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Vol.2 Issue-11, (November 2014) Impact Factor- 3.259

ISSN: 2321-1784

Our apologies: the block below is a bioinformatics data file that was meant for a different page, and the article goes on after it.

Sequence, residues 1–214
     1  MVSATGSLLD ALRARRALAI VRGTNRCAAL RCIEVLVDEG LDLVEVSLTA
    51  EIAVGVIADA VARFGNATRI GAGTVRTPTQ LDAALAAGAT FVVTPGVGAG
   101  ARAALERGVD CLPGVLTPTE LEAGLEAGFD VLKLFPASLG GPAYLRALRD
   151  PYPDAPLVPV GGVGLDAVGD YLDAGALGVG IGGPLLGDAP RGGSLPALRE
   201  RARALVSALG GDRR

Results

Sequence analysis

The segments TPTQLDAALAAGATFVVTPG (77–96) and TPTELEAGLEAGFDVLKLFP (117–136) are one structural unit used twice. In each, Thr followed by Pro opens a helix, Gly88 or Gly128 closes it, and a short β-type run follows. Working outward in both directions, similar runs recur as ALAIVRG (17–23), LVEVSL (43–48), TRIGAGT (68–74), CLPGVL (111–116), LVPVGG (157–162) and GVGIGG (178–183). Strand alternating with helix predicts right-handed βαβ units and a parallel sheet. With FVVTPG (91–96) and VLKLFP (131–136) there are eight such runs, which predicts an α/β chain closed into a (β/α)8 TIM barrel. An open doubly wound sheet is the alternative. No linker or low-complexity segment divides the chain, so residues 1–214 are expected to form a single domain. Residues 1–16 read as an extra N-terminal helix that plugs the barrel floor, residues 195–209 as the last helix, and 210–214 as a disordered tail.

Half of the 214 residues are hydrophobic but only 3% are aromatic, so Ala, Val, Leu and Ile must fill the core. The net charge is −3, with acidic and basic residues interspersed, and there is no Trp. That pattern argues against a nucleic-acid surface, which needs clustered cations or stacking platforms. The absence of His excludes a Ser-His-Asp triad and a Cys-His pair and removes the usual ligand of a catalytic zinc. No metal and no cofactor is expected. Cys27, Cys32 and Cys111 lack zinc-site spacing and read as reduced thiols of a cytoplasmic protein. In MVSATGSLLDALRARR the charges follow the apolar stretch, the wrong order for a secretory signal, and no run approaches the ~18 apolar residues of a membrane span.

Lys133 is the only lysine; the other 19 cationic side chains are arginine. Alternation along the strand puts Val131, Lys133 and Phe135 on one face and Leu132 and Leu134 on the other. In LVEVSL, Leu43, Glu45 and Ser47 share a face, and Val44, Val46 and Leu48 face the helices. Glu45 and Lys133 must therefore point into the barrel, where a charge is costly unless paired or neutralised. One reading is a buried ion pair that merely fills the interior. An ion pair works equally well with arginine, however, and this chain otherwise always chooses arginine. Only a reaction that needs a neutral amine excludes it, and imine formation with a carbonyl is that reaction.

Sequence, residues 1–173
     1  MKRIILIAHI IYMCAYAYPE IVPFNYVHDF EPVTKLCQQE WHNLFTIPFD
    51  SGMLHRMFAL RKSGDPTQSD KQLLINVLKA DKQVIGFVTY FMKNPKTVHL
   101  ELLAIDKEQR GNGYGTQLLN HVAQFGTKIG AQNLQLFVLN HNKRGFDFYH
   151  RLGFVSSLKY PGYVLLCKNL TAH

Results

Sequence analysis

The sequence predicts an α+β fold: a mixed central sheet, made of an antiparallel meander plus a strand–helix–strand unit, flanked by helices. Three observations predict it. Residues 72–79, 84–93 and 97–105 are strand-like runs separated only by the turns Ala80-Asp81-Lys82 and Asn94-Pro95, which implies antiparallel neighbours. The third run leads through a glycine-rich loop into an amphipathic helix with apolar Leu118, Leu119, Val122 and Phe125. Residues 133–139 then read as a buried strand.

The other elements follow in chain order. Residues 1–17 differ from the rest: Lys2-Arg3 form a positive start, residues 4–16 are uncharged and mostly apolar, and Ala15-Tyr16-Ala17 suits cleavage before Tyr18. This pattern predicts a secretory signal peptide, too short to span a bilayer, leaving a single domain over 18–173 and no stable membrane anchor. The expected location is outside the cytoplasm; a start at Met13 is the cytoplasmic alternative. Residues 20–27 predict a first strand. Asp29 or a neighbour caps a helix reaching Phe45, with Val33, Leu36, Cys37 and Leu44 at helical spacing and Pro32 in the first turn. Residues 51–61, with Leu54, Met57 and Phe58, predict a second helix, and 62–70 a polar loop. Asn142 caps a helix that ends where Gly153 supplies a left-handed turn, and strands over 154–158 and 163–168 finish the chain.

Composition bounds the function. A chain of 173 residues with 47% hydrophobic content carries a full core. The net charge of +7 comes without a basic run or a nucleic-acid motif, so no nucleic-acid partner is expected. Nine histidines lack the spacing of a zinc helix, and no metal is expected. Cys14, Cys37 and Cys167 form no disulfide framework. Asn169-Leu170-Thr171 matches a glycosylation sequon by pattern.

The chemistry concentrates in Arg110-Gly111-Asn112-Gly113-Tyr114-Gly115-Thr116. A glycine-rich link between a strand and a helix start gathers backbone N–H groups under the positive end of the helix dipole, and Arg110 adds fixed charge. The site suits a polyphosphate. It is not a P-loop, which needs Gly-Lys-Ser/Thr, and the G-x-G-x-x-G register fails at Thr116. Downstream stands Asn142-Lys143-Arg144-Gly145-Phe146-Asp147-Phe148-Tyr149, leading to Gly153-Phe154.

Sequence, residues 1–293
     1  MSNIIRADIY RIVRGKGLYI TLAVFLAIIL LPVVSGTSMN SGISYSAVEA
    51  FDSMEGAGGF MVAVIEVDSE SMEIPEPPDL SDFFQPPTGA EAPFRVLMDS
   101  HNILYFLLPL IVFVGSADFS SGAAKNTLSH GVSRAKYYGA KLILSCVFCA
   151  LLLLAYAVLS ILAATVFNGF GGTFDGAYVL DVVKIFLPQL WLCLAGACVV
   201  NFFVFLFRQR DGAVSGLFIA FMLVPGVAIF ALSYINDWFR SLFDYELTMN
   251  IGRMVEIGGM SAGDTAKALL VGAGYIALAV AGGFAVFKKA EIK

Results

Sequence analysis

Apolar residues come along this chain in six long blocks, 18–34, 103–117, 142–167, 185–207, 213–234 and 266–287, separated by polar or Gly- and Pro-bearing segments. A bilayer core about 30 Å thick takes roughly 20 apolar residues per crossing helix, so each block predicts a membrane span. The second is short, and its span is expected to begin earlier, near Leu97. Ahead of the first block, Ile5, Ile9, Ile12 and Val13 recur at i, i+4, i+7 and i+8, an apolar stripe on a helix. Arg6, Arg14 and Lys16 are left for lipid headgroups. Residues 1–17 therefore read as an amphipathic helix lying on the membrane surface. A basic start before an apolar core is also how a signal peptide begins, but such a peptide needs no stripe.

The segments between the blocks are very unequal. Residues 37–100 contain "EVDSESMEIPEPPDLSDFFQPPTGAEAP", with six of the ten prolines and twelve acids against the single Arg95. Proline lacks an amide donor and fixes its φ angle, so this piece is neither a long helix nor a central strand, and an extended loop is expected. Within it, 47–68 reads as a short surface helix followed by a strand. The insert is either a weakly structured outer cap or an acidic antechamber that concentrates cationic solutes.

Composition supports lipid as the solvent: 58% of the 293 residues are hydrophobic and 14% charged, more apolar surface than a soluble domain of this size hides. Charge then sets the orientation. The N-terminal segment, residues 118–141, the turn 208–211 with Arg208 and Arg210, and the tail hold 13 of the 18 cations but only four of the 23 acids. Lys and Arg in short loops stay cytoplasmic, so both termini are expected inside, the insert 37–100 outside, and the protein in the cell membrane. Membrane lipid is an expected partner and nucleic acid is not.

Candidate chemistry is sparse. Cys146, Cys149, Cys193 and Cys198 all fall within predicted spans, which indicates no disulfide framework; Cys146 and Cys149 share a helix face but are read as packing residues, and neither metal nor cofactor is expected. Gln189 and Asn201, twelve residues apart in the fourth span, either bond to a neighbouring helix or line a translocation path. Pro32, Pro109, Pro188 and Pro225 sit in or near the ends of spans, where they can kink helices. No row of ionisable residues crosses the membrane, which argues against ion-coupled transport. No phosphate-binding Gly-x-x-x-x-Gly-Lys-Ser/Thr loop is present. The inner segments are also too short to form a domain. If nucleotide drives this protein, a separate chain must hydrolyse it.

14. Thomas A. Hamilton Cary Cooper, (2001),"The impact of outdoor management development (OMD) programmes", Leadership & Organization Development Journal, Vol. 22 Iss 7 pp. 330 - 340 15. Winfred Arthur Jr. and Winston Bennett Jr. [2003] Effectiveness of Training in Organizations: A Meta-Analysis of Design and Evaluation Features, Texas A&M University, Journal of Applied Psychology 16. Williams, S. D., Graham, T. S., & Baker, B. (2003). Evaluating outdoor experiential training for leadership and team building. Journal of Management Development, 22(1), 45-59. 17. Burke, Veronica; Collins, David (2004), Optimizing skills transfer via outdoor management development: Part I: the provider's perspective, The Journal of Management Development; 2004; Vol. 23, Iss 8 pp.678 - 696 18. Burke, Veronica; Collins, David (2004), Optimizing skills transfer via outdoor management development", Journal of Management Development, Part II: the client's perspective Vol. 23 Iss 8 pp. 715 - 728 19. Joseph Paul Pulichino, (2007), Usage And Value Of Kirkpatrick‟s Four Levels Of Training Evaluation 20. K. Skylar Powell, SerkanYalcin, (2009),Managerial training effectiveness: A metaanalysis 1952-2002, Personnel Review, Vol. 39 Iss 2pp. 227 – 241 21. Diamantidis, Anastasios D; Chatzoglou, Prodromos D.,(2014),Employee post-training behavior and performance: evaluating the results of the training process International Journal of Training & Development 18.3 149-170. 22. Darrin Kass and Christian Grandzol, (2012), Evaluating the Value-Added Impactof Outdoor Management Trainingfor Leadership Development in an MBA Program, Journal of Experiential Education, Volume 35, No. 3 23. Executive‟s Perception on the Outcomes of In-House and Outdoor Training Programmes (2014), Giasuddin Bellary, PulidindiVenugopal&Ganesan P, Asian Social Science; Vol. 10, No. 8; 2014